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AAA offers safety tips on avoiding animal-vehicle collisions; fall months most dangerous in Kentucky


Fall is officially here and AAA is warning drivers to be more cautious on the roads. Deer mating season is beginning, with October, November and December the most dangerous months in Kentucky for motor vehicle collisions with animals.

A collision with a deer or other animal can put a serious dent in a vehicle, if not destroy it completely, and possibly result in serious injuries or fatalities.

“Animal-related vehicle collisions start to increase in October and peak in mid-November,” said Lori Weaver Hawkins, public and government affairs manager, AAA Blue Grass. “For that reason, motorists need to be even more cautious and alert behind the wheel, especially at dawn and dusk, when deer activity is often at its peak.”

According to 2019 data from the Kentucky State Police, there were 3,097 deer collision crashes last year in Kentucky, resulting in 173 injuries and three fatalities. The majority of crashes occurred during the months of October, November and December.

Although striking a deer during this season is a common reason for crashes, drivers swerving — in an attempt to miss the deer — is another very common cause. This can be a fatal mistake because the driver may hit an oncoming motorist head-on.

“Deer and other animals can be unpredictable and might dash out in front of your vehicle. But there are actions you can take to help prevent a crash or reduce the damage from an animal collision,” says Weaver Hawkins. “First and foremost, drivers and passengers should always wear a seat belt and take steps to avoid distractions behind the wheel.”

A Costly Crash―Are You Covered?
According to the Insurance Institute of Highway Safety, there are typically more than 1.5 million deer-vehicle collisions each year, resulting in 150 fatalities and tens of thousands of injuries. Crashes involving deer can pose great risk to motorists, but even a crash in which no one is injured can be costly.

Drivers are advised to make sure they know how much coverage they carry in the event of a crash. Collision coverage pays for damage to your car resulting from a collision with an object (e.g., a telephone pole, a guard rail, a mailbox), or as a result of flipping over.

Comprehensive coverage is for damage to your car covered by disasters “other than collisions,” contacts (in this case, contact/collision with animals) and are paid for under the comprehensive portion of an auto insurance policy.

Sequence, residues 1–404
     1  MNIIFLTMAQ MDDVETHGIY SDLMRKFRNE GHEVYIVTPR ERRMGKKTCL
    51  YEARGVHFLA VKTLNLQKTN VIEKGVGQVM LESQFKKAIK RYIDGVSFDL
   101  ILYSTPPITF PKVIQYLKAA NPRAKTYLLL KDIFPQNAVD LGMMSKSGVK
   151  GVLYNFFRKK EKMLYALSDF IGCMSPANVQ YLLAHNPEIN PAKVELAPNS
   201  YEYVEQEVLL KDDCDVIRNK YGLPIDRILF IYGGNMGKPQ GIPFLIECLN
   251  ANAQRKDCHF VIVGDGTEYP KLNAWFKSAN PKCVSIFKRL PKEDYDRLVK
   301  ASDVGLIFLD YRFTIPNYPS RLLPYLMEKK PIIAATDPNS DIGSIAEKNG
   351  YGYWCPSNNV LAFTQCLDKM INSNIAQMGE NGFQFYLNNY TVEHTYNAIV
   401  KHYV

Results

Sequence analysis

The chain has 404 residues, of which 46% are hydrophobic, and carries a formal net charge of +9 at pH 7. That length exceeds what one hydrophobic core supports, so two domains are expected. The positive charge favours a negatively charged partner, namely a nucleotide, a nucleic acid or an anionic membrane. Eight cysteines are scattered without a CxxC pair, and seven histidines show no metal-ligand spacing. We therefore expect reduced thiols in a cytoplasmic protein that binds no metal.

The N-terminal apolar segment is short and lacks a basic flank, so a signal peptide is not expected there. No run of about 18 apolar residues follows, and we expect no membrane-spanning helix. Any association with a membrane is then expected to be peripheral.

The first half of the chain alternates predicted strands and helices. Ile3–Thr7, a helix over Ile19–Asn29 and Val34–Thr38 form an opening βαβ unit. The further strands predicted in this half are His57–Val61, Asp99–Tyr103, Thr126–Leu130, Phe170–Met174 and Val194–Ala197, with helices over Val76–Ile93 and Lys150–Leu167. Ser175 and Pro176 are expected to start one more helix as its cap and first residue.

In the event of a deer/animal collision, AAA Insurance recommends:

• Call the police.

• Avoid making contact with the deer/animal. A frightened and wounded animal can be dangerous and pose a threat when approached or might further injure itself.

• Activate the vehicle’s hazard lights whether it’s light or dark outside.
If possible, move the vehicle to a safe location, out of the roadway, and wait for help to arrive.

• Drivers should contact their insurance agent or company representative as quickly as possible to report any vehicle damage.

AAA offers these safety tips to help motorists avoid a crash or possibly reduce damage caused by vehicle/animal collisions:

• Pay attention to road signs. Yellow, diamond-shaped signs with an image of a deer indicate areas with high levels of deer activity.

• Don’t drive distracted. Continually scan roadways. Drivers should continuously sweep their eyes across the road in front of the vehicle looking for signs of animals and movement. Animals may also travel alongside the road, so make sure to look along both sides of the roadway, as well. While the most likely crash happens when vehicles strike an animal, occasionally the animal may run into the vehicle.

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• Be especially attentive in early morning and evening hours. Many wild animals, especially deer, are most active from 5-8 a.m. and 5-8 p.m. — prime commuting hours for many people.

• Use high beams when there’s no oncoming traffic. When it’s safe to do so, use your high beams to spot animals sooner. Sometimes the light reflecting off their eyes will reveal their location.

• Slow down, and watch for other deer to appear. Deer rarely travel alone, so if drivers see one, there are likely to be more nearby.

• Slow down around curves. It’s harder to spot animals when going around curves and visibility for what lies in the road ahead is diminished.

• One long blast. A long blast of a horn may frighten animals away from the vehicle.

• Resist the urge to swerve. Instead, drivers need to concentrate on keeping the vehicle in the marked lanes of travel with both hands firmly on the wheel. Swerving away from animals may place drivers in the path of oncoming vehicles or result in a crash with something along the roadway, like a lamppost or a tree.

• If the deer collision crash is imminent, take your foot off the brake. During hard braking, the front end of the vehicle is pulled downward which can cause the animal to travel up over the hood towards the windshield. Letting off the brake can protect drivers from windshield strikes because the animal is more likely to be pushed to one side of the vehicle or over the top of the vehicle.

• Always wear a seatbelt. Also, never drive impaired, distracted or drowsy.

From AAA Blue Grass


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